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Elvis Presley

Elvis Presley (1935-1977) was an American musician, considered to be the "king" of rock and roll. Presley's career was, from the start, considered very controversial. His risque dance moves and novel fast-paced approach to music opened many doors culturally. Not only did he initiate the development of an entirely new genre in music. (Rock and Roll) He also impacted the social expectations of women. In addition to this, he was a catalyst in the integration process of white and black people working together in music.

(click the gray circles to view information as I discuss each topic)

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  • The Cultural Impacts of Elvis Presley - Wikipedia

  • The Elvis Spectacle and the Cultural Industries - Douglas Kellner

  • How Elvis Presley Changed Music and Culture - Medium

  • Elvis in the Heart of America - Time Magazine

  • Hound Dog (1952)
  • Jailhouse Rock (1957)
  • King Creole (1958)
  • If I can Dream (1968)
  • Suspicious Minds (1969)
  • In the Ghetto (1969)
  • Burning Love (1972)
  • If I can Dream (1968)

Elvis' Greatest Hits

Elvis had earned 171 gold, 94 platinum, and 34 multi- platinum records in the U.S. during his lifetime. At the time this was competing against The Beatles for the most records sold ever by one artist.

(To the left is a QR code in case the video doesn't play.) The video is a clip of Elvis shaking his hips and saying he's "gonna get arrested." He mocks the authorities for believing there can be an illegal way to express yourself through movement. He was, at the time, the only artist to intertwine music and dance for performance, and his career challenged societal norms of what is considered sexual movement or not.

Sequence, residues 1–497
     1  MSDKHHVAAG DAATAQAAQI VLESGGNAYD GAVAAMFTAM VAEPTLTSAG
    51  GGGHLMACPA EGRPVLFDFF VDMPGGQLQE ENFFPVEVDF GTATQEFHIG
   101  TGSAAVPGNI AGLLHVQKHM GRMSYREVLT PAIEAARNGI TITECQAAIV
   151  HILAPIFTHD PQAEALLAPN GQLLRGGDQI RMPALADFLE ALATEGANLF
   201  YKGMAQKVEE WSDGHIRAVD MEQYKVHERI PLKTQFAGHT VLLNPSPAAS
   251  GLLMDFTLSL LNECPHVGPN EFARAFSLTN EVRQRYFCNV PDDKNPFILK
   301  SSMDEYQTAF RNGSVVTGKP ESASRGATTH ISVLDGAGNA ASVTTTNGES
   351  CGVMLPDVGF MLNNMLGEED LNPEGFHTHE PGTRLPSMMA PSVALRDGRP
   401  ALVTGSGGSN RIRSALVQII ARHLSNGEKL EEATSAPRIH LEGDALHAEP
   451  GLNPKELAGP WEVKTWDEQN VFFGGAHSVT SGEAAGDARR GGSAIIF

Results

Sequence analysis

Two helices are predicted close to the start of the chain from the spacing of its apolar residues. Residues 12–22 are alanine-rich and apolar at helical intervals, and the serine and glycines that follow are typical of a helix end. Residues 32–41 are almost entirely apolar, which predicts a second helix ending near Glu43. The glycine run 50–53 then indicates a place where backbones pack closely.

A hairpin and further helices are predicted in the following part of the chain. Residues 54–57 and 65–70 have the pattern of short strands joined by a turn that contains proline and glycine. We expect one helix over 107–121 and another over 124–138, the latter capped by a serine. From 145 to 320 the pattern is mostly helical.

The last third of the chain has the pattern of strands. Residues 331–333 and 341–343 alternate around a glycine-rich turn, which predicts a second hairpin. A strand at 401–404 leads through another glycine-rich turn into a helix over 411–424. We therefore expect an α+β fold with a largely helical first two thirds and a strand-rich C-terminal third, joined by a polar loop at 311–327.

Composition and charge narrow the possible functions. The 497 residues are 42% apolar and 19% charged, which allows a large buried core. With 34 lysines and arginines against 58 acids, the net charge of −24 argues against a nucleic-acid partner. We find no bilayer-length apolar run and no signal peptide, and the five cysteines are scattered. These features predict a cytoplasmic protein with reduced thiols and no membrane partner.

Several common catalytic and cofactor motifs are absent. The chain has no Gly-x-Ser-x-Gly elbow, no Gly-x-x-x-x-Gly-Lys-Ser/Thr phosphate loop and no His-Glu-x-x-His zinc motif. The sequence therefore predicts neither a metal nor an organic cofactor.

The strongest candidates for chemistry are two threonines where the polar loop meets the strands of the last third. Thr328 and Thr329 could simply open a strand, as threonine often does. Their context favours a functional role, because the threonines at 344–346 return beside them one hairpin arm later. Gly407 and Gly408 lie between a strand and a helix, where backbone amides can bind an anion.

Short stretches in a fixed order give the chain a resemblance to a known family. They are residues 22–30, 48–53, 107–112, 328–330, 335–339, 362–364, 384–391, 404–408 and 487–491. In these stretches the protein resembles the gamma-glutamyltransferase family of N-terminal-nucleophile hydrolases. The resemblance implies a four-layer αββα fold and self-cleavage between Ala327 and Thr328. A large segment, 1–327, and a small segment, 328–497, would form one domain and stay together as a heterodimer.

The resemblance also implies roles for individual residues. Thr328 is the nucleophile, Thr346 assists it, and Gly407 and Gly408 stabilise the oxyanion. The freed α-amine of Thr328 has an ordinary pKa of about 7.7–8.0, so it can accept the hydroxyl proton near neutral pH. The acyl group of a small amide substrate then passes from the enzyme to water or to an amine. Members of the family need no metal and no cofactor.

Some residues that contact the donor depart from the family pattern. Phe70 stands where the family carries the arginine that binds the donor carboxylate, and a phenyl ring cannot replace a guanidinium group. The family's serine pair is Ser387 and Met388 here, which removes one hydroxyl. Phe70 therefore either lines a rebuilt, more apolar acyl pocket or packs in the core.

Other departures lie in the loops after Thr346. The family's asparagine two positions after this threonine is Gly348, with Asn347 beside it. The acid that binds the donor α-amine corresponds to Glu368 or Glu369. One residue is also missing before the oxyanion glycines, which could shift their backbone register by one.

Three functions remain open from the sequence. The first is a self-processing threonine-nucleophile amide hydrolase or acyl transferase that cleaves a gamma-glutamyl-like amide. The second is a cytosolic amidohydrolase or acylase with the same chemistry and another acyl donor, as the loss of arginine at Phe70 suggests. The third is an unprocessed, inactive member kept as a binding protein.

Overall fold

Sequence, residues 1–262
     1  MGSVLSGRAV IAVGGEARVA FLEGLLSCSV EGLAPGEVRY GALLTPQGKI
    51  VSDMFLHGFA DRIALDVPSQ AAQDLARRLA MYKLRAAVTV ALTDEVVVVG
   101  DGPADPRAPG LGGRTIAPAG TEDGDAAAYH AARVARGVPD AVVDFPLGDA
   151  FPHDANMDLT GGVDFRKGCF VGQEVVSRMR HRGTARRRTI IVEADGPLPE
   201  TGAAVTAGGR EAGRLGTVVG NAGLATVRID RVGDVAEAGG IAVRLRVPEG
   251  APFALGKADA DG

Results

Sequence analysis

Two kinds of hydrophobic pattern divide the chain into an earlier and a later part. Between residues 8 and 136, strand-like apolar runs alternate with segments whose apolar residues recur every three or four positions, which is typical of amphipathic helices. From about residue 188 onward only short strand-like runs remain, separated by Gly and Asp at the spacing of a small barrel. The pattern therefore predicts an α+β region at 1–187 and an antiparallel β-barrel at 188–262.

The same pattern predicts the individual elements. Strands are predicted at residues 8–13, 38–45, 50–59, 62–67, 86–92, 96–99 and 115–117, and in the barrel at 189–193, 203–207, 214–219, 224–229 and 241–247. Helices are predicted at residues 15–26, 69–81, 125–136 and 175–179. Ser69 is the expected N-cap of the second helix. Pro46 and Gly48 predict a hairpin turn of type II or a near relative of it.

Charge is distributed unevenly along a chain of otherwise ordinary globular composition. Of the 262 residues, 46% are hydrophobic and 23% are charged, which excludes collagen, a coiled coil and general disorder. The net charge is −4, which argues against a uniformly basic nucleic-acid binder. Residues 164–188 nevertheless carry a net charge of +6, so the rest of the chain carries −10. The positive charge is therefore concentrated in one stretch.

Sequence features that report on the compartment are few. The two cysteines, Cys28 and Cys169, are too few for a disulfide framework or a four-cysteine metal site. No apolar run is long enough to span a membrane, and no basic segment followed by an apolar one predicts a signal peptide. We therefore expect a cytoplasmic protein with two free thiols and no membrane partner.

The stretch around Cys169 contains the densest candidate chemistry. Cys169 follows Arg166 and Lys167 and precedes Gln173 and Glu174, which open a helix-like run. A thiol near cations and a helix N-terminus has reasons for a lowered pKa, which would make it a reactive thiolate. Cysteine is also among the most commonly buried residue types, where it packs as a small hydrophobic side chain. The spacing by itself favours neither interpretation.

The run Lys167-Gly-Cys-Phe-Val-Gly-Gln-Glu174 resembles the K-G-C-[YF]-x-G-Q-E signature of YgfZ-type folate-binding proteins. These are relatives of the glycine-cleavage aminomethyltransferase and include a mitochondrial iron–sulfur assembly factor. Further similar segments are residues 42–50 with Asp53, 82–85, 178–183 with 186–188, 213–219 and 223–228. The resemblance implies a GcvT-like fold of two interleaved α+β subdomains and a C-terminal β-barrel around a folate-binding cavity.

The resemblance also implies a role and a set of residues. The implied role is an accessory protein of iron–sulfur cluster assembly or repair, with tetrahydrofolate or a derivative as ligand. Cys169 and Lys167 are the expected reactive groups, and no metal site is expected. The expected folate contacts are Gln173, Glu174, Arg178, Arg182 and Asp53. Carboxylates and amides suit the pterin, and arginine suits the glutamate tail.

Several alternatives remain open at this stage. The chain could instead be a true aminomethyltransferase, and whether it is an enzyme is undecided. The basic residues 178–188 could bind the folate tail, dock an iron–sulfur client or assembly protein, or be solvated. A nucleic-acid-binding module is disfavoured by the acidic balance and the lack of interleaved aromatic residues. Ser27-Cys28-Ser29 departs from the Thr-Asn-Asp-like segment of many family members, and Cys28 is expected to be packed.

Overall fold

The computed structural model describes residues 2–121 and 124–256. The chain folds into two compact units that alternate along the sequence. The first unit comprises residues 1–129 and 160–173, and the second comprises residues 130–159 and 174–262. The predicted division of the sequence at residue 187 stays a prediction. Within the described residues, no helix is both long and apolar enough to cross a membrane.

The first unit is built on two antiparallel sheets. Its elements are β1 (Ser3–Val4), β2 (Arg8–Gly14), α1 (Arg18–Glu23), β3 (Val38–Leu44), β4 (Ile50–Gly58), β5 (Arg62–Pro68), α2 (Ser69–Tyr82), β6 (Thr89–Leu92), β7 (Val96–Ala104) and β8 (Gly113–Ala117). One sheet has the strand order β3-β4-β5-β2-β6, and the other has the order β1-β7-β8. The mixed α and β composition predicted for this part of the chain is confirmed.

Elvis was one of the first artists to make music that was geared towards young people. His unclassifiable new style of music gave young people an opportunity to enjoy something as individuals, separately from their parents. The condemnation and censorship of his music inflicted by older generations gave rise to a new attitude of rebellion and individuality throughout the young people in society. Teenager's began pushing cultural boundaries through fashion, music, and dance that left a mark on society. Presley's music was discernibly influenced by African American Blues music. Older generations in the South had an aversion to this as segregation was still heavily prevalent and an ongoing political controversy. He often expressed his debt to the work of Black musician's like B.B. King that he idolized in interviews. This influenced the youth in the South, that his music was targeted towards, to be more accepting of the civil rights movement and initiated the concept of white people enjoying and having an appreciation for culturally "Black" music and dance. Additionally, Presley was "considered to be a threat to the moral well-being of young women." His undeniable sex appeal created a wide-spread pandemonium among young women. But it was more than just smooth talking and dirty dancing, he represented sexual liberation. He acted as a catalyst in the process of challenging the societal norms for female sexuality.

The "King" of Rock and Roll

The Elvis Spectacle and the Cultural Industries

link to research paper on the various areas of culture he impacted

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As Elvis began to gain a larger audience in the South, people began criticizing him for the provocative way he moved his hips and legs while performing. His style of movement was considered "colored people dance" however, was particularly appealing to younger women. Obviously, authorities quickly began working to stop him from "corrupting their youth," but his growing popularity was irrepressible. Because of this, authorities and broadcasters were inventive in finding ways to censor him. They would require that he wear a certain type of suit that inhibited his movement or would only record him from the waist up. Despite these obstacles, Elvis stayed true to himself and continued to perform his own way. Before any legal action could be inflicted on him, he was drafted into the Korean War in 1957.

The Tennesse Rebel

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